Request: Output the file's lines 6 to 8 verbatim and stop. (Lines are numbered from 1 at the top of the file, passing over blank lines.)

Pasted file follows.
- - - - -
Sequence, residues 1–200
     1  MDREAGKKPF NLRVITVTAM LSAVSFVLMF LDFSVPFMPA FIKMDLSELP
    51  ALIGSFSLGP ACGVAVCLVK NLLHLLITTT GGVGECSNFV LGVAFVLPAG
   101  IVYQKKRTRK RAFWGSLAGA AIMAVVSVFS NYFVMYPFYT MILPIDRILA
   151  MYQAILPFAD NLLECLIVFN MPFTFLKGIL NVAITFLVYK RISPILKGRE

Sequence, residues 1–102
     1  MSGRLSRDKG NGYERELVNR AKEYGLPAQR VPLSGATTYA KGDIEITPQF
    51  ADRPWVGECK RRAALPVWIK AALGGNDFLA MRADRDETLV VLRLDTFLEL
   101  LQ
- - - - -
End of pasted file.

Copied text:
Sequence, residues 1–102
     1  MSGRLSRDKG NGYERELVNR AKEYGLPAQR VPLSGATTYA KGDIEITPQF
    51  ADRPWVGECK RRAALPVWIK AALGGNDFLA MRADRDETLV VLRLDTFLEL